Herd Immunity: How Vaccines Protect Your Community

For hundreds of years, people have been using inoculation – the introduction of a small amount of weakened virus into a healthy body – to prevent the spread of illness in a community. The healthy body builds defenses against the introduced illness and fights it off. 

The practice was brought to England from Turkey in the 1700s. It has led to the development of vaccines, one of the most powerful lifesaving tools against disease in the world. When enough members of a community are vaccinated against a disease, they are not only protected as individuals, but they also create herd immunity.

What Is Herd Immunity?

Imagine a community as a herd of animals. Herd immunity, also referred to as community immunity, is like a shield protecting the entire herd from an infectious disease. When a large portion of the community becomes immune, it strengthens the shield, making it difficult for the infection to spread from person to person.

This indirect protection benefits everyone, including those who are unable to get vaccinated due to medical reasons. 

Why Is Herd Immunity Important?

Herd immunity is crucial because it safeguards vulnerable groups like infants, people undergoing cancer treatment, or those with weakened immune systems. These individuals might not be able to build a strong enough immune response through vaccination or prior infection.

Herd immunity creates a protective barrier around them by limiting the spread of the disease in the community.

How Is Herd Immunity Developed in a Population?

Herd immunity has been around for a long time, but humans have found ways to vastly improve it.

Natural Infection Immunity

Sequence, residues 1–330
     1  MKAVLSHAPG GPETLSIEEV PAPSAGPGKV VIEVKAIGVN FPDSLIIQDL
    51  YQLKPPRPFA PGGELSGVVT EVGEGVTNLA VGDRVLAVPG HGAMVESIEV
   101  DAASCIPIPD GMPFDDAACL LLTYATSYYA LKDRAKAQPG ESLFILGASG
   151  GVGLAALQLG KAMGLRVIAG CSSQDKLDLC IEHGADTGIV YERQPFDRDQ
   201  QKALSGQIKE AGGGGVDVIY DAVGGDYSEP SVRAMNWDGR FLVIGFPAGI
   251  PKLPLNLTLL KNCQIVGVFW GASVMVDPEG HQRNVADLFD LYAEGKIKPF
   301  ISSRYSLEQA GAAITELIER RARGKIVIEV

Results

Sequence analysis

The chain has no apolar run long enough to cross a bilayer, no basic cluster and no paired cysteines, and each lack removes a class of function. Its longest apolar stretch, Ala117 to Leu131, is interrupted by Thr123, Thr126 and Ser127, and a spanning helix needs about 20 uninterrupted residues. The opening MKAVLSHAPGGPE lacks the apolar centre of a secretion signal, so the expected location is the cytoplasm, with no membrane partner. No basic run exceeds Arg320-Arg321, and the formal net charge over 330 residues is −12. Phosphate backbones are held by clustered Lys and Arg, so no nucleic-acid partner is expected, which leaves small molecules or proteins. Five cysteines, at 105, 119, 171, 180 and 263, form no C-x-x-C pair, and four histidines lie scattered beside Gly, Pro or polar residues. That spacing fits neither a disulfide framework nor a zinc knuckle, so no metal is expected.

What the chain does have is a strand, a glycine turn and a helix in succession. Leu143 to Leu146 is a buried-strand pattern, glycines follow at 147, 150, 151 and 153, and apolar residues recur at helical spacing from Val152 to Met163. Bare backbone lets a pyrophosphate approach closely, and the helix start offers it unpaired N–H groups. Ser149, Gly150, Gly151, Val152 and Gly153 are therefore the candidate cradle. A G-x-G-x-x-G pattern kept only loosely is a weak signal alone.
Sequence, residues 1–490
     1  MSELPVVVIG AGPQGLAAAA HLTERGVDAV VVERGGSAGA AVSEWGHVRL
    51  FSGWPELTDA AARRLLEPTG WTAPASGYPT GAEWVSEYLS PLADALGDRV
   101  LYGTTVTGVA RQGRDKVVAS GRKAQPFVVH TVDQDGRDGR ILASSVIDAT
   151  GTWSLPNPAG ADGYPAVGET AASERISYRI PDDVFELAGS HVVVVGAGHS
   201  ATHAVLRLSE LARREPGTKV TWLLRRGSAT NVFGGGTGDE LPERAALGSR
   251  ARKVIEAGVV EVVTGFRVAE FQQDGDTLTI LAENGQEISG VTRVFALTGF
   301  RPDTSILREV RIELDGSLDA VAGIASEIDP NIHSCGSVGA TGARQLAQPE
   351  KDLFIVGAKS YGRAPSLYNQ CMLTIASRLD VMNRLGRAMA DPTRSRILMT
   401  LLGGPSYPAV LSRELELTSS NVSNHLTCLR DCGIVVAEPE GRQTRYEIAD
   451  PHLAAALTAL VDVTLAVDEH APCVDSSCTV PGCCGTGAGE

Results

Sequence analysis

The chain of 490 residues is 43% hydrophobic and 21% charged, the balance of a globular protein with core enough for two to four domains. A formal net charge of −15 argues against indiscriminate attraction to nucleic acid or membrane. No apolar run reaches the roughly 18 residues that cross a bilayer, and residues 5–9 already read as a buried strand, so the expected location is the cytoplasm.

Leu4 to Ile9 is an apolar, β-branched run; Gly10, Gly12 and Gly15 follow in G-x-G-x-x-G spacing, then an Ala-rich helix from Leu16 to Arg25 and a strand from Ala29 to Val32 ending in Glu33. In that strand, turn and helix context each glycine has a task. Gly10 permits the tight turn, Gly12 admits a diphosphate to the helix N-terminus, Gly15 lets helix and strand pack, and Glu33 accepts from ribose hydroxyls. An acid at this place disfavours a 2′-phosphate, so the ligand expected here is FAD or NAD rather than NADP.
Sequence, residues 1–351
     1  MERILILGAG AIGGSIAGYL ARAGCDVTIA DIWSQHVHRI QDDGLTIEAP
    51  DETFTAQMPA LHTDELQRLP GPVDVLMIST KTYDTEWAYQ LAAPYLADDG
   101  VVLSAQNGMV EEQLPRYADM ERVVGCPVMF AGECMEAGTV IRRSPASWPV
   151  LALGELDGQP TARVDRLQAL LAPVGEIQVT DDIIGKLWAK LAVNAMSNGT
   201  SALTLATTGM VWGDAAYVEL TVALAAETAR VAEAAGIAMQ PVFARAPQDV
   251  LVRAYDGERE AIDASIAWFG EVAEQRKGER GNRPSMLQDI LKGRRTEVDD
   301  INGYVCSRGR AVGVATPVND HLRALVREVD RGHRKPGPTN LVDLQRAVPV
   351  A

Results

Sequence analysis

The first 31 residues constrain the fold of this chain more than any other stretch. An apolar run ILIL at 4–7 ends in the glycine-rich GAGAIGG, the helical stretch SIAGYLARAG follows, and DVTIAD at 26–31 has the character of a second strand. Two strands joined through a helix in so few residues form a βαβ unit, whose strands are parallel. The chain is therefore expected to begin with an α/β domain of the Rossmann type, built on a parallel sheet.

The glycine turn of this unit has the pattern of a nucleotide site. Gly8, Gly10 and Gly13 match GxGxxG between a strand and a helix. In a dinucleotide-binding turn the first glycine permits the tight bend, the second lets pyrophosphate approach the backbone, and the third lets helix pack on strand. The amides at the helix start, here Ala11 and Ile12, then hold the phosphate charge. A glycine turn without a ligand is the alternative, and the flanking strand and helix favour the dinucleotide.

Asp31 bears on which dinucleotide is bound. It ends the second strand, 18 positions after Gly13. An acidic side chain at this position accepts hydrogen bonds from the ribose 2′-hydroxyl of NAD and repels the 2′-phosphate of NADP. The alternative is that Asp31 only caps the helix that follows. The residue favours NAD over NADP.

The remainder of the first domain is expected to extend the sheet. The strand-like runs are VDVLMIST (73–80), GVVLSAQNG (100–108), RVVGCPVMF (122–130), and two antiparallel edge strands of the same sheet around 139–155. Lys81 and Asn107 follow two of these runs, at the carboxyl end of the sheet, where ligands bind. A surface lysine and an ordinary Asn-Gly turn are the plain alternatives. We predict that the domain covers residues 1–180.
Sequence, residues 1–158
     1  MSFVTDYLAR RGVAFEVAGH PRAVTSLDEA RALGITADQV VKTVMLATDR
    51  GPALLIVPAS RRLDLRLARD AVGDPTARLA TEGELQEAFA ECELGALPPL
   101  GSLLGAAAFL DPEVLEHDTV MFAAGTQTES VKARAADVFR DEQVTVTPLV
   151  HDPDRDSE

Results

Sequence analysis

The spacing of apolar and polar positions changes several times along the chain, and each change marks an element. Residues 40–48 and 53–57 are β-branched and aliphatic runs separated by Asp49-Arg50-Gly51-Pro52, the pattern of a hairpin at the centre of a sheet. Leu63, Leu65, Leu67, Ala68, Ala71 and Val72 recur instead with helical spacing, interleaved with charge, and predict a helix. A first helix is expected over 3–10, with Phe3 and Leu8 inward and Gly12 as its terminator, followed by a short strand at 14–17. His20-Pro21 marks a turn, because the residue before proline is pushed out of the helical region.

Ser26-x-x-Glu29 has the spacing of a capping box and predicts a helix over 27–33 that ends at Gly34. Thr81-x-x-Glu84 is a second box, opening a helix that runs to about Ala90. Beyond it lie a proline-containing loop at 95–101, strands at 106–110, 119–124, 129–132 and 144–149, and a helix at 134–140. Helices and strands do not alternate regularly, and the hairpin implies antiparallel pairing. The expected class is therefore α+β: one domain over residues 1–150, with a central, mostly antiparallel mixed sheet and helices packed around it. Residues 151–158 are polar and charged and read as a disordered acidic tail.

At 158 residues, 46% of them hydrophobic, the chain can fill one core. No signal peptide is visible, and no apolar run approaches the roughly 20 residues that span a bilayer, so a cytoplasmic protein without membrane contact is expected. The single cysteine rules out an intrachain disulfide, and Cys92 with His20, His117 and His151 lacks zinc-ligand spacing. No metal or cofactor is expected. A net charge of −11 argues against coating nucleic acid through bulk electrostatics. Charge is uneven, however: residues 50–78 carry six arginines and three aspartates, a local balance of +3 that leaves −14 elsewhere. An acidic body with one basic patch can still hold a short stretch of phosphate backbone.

When people get sick and recover from a contagious disease, their bodies develop natural defenses against future infection. This immunity comes at a cost, though, as the initial infection itself can cause illness and potentially serious complications, as well as allow the disease to spread to others who are exposed to the illness. 

Vaccine-Induced Immunity

Vaccination is a safe and effective way to achieve herd immunity. Vaccines introduce a weakened or inactive form of a virus or bacteria, training the body's immune system to recognize and fight the real threat without causing illness. This creates immunity without the risks associated with natural infection.

Achieving Herd Immunity Through Vaccinations

Vaccination programs play a critical role in establishing herd immunity. When a high percentage of the population gets vaccinated, we significantly reduce the number of people who can harbor and transmit the disease. This creates a wall of protection for the entire community.

While some people may have health conditions that prevent them from getting vaccinated, vaccines are well-tested and safe for the majority of the population. From a very early age, children going to their regular pediatric visits get a series of immunizations that protect against childhood diseases.

Adults can take advantage of annual flu shot opportunities, protecting themselves and those around them against a common infection that kills tens of thousands of Americans every year.

New vaccines may be developed that can protect us against other diseases, and boosters may be recommended in some cases. Most people can contribute to the strength of the shield that is community immunity.

Is it Possible to Achieve Herd Immunity Without a Vaccine?

While herd immunity can develop through natural infections, it's not a recommended strategy. Widespread infections can lead to unnecessary illness, strain health care systems and result in preventable deaths.

Vaccination is a much safer and more efficient way to achieve herd immunity and protect everyone in the community.

Vaccinations at University Health

Protect your community and stay up to date on your vaccines. University Health pharmacies offer vaccines such as the flu and COVID-19 vaccines. Ask your primary care provider about which vaccines you might need.

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